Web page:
Bookshelf Archive 2016
Faculty books and productions from 2016.
Recovering Armenia: The Limits of Belonging in Post-Genocide Turkey
by Lerna Ekmekcioglu
Stanford University Press, January 2016
The small community of Armenians who stayed in Turkey, mostly in Istanbul, had to find their way forward during a period of emotional trauma, continued discrimination, and political upheaval (the Republic of Turkey was founded in 1923). And many of those people faced an enduring tension: They wanted to modernize society and press for political change, while acknowledging a desire to keep social customs and traditional arrangements intact, as a way of preserving the existentially threatened Armenian community.
“I try to show how the story unfolds for [those] Armenians,” says Ekmekcioglu, who is the McMillan-Stewart Associate Professor of History at MIT and an affiliate of the Women’s and Gender Studies Program at MIT. “They had to or chose to live inside Turkey, alongside the perpetrators. What did they do to make it work for them? How did they adjust to these conditions?” Full Story at MIT News
Open to Debate: How William F. Buckley Put Liberal America on the Firing Line
by Heather Hendershot
Harper Collins, October 2016
A unique and compelling portrait of William F. Buckley as the champion of conservative ideas in an age of liberal dominance, taking on the smartest adversaries he could find while singlehandedly reinventing the role of public intellectual in the network television era.
Drawing on archival material, interviews, and transcripts, Open to Debate provides a richly detailed portrait of this widely respected ideological warrior, showing him in action as never before. Much more than just the story of a television show, Hendershot’s book provides a history of American public intellectual life from the 1960s through the 1980s—one of the most contentious eras in our history—and shows how Buckley led the way in drawing America to conservatism during those years.
Groovy Science: Knowledge, Innovation, and American Counterculture
co-edited by David Kaiser
Unviersity of Chicago Press, May 2016
In his 1969 book The Making of a Counterculture, Theodore Roszak described the youth of the late 1960s as fleeing science “as if from a place inhabited by plague,” and even seeking “subversion of the scientific worldview” itself. But that view ignores the diverse ways in which the era’s countercultures expressed enthusiasm for and involved themselves in science—of a certain type. Boomers and hippies sought a science that was both small-scale and big-picture. Groovy Science explores the experimentation and eclecticism that marked countercultural science and technology during one of the most colorful periods of American history.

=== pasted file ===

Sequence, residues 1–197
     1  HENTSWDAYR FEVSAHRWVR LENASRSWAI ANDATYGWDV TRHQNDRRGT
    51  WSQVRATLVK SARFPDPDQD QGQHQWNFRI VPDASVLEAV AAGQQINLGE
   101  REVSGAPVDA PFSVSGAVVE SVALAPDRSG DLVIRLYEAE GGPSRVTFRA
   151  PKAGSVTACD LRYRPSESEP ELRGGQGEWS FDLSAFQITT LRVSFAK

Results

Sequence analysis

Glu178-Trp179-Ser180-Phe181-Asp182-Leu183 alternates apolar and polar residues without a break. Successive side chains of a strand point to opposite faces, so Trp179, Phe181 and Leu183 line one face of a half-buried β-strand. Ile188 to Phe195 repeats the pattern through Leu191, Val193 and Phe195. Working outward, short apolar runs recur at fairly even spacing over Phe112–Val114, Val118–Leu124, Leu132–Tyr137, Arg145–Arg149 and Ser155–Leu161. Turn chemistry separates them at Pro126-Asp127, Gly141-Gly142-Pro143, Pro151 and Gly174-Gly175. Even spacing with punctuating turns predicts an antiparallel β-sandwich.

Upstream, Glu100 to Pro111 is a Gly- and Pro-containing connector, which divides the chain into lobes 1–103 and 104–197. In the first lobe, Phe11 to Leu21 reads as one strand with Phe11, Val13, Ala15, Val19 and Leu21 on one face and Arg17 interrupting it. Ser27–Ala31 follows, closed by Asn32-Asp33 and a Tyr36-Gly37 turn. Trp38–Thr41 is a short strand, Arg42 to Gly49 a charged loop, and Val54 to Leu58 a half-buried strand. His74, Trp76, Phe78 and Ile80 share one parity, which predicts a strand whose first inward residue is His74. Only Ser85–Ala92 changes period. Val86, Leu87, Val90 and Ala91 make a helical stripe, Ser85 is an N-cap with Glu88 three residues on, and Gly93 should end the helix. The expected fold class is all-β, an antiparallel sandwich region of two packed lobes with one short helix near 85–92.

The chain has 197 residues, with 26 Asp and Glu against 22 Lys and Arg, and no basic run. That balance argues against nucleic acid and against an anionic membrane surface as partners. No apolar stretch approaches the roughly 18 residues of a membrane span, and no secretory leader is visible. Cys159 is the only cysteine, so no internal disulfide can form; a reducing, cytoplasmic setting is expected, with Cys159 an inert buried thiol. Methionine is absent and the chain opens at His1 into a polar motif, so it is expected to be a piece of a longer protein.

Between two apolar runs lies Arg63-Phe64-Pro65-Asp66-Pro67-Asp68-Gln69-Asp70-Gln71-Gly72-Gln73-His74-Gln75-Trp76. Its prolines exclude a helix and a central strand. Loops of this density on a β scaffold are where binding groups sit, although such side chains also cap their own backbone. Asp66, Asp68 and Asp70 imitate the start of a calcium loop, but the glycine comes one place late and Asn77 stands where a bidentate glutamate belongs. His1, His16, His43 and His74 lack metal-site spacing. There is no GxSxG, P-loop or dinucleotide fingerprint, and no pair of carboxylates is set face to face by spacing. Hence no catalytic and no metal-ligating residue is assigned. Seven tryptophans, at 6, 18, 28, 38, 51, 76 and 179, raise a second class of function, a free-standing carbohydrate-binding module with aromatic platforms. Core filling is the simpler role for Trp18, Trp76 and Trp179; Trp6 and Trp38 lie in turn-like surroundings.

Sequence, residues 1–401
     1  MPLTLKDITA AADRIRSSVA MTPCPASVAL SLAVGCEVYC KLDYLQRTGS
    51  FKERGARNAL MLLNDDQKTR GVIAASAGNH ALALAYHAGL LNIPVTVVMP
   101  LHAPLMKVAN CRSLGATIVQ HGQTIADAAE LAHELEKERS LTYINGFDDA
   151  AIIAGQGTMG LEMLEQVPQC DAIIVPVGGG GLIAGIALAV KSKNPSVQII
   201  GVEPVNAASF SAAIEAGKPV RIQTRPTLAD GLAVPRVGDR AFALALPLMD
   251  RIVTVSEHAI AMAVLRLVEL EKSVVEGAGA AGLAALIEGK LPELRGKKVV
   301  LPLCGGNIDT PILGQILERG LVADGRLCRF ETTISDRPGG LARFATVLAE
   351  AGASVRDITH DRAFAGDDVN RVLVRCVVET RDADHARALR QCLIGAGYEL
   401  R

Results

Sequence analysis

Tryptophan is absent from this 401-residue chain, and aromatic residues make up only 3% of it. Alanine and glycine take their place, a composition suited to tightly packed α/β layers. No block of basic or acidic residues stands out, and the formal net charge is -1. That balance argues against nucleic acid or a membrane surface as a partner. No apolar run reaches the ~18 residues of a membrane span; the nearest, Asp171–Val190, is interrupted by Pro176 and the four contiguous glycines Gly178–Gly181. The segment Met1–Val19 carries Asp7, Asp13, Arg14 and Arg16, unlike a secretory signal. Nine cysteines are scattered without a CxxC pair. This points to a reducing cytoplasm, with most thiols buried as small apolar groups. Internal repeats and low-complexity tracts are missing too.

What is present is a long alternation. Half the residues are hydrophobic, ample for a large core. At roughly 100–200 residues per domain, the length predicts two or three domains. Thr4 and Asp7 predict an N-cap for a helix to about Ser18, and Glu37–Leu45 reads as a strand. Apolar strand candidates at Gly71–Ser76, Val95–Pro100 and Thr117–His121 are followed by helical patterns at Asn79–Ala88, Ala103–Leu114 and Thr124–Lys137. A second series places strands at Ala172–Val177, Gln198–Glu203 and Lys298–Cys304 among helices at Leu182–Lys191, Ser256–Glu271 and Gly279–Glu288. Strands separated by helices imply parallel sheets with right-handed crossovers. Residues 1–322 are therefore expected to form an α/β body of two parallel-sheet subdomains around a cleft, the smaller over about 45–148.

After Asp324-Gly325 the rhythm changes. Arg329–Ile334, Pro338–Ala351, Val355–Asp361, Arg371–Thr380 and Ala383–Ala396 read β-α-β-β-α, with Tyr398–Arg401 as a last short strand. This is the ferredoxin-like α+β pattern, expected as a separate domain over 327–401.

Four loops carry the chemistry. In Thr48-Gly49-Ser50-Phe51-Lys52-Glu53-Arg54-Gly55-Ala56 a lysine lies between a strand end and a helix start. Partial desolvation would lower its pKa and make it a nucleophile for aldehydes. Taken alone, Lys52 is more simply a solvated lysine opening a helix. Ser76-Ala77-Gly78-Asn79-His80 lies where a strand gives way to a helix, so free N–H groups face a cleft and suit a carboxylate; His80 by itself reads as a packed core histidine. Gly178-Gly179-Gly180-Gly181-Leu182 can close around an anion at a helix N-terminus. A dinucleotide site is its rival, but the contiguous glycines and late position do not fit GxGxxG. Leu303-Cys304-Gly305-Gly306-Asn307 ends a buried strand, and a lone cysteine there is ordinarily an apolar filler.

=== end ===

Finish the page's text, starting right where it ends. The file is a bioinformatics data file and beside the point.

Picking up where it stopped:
Queer Theory: The French Response
by Bruno Perreau
Stanford University Press, November 2016
What are the various facets of the French response to queer theory, from the mobilization of activists and the seminars of scholars to the emergence of queer media and the decision to translate this or that kind of book? Ironically, perceiving queer theory as a threat to France means overlooking the fact that queer theory itself has been largely inspired by French thinkers. By examining mutual influences across the Atlantic, Bruno Perreau analyzes changes in the idea of national identity in France and the United States. In the process, he offers a new theory of minority politics: an ongoing critique of norms is not only what gives rise to a feeling of belonging; it is the very thing that founds citizenship.
by Norvin Richards
MIT Press, June 2016
Languages differ in the types of overt movement they display. For example, some languages (including English) require subjects to move to a preverbal position, while others (including Italian) allow subjects to remain postverbal. In its current form, Minimalism offers no real answer to the question of why these different types of movements are distributed among languages as they are. In Contiguity Theory, Norvin Richards argues that there are universal conditions on morphology and phonology, particularly in how the prosodic structures of language can be built, and that these universal structures interact with language-specific properties of phonology and morphology. He argues that the grammar begins the construction of phonological structure earlier in the derivation than previously thought, and that the distribution of overt movement operations is largely determined by the grammar’s efforts to construct this structure. Rather than appealing to diacritic features, the explanations will generally be rooted in observable phenomena.
New Order and Progress: Development and Democracy in Brazil
edited by Ben Ross Schneider
Oxford University Press, March 2016
This book offers sobering insight into why Brazil has not been the rising economic star of the BRIC that many predicted it would be, but also documents the gains that Brazil has made toward greater equality and stability.
“I think nobody could have imagined the extent of the corruption crisis,” Schneider told MIT News. “It exceeds previous known corruption crises [in Brazil] by an order of magnitude. There are over 100 people indicted, many of them in jail. There were signs of corruption earlier. But this is bigger than anyone suspected.”